Daytime Wetting in Children
Causes, Symptoms & Treatment
Most children will achieve daytime dryness by age 4. However 3-12% of 5-17 year olds will continue to experience ongoing urinary leakage.
There are a number of causes of daytime wetting. Some of these include bladder urgency (also known as overactive bladder), voiding postponement (where a child continues to delay going to the toilet) and incomplete bladder emptying. There may also be medical causes, for example urinary tract infections, particularly in a child who has previously been dry.
Where daytime wetting is associated with bladder urgency (or overactive bladder), the child experiences the sudden, urgent need to empty their bladder. When this occurs, the child may not have time to get themselves to the toilet before the wetting has occurred.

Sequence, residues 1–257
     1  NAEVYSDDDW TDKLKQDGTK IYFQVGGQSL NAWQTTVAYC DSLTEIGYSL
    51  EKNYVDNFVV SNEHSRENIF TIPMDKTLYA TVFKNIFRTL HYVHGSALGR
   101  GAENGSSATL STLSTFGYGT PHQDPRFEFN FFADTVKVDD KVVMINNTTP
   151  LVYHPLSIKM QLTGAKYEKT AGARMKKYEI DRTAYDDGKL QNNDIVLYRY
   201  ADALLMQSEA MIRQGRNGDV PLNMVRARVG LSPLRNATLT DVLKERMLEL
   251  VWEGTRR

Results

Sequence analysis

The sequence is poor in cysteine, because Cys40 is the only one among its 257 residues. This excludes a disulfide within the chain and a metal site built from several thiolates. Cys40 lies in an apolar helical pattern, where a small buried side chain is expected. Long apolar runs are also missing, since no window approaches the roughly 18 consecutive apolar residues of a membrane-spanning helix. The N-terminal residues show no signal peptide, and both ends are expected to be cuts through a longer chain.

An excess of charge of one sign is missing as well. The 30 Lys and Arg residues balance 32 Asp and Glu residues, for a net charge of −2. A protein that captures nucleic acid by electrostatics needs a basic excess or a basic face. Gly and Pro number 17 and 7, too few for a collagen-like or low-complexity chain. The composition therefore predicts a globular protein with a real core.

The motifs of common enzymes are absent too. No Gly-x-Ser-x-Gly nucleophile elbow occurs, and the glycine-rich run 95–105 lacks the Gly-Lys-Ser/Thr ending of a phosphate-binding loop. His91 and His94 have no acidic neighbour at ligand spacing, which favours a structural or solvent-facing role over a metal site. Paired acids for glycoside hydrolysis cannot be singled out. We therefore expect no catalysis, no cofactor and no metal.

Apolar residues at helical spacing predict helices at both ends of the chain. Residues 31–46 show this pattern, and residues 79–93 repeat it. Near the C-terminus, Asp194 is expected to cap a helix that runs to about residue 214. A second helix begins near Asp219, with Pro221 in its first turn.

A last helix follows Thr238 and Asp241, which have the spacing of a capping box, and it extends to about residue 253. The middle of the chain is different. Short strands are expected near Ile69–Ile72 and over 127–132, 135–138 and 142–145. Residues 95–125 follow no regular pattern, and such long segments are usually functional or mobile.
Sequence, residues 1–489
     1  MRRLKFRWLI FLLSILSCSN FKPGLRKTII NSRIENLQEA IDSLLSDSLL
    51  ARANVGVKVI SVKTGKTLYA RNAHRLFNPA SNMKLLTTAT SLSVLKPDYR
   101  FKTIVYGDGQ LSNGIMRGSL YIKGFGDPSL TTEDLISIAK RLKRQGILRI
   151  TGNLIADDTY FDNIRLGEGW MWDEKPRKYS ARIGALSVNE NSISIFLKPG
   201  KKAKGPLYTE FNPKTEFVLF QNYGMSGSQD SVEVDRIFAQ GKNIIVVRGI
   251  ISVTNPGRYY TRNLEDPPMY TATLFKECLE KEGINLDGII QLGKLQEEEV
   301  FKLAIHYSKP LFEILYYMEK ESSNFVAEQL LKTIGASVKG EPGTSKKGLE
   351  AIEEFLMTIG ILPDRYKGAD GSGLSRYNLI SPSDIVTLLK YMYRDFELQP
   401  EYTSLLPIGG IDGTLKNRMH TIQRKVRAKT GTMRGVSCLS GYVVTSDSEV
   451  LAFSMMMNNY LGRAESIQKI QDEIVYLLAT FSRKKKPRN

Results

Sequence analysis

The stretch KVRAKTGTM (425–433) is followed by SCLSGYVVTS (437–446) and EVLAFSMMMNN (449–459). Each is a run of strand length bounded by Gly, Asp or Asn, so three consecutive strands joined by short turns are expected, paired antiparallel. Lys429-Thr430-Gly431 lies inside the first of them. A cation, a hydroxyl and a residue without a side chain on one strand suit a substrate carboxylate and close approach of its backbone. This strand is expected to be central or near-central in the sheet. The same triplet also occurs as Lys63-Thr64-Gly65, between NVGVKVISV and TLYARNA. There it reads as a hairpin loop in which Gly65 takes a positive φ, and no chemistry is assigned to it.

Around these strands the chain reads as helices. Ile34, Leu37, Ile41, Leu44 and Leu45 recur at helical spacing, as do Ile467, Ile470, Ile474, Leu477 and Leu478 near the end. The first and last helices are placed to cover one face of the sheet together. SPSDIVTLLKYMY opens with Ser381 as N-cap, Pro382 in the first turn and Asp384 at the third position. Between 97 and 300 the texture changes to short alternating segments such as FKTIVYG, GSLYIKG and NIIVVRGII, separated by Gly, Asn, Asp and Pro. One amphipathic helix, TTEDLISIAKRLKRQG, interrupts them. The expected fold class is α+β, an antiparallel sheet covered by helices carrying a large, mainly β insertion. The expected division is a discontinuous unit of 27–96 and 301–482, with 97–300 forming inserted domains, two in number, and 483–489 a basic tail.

Children may also assume certain postures or movements when they are ‘busting’, such as jiggling (the toilet dance) or crouching down.
Children with bladder urgency will often also experience frequency (needing to visit the toilet often) and have a small bladder capacity.
Daytime wetting is not a sign of laziness of naughtiness.
For children who experience ongoing problems with their daytime bladder control, further assessment and management is required. This is especially important in children who are school age or approaching their first year of school.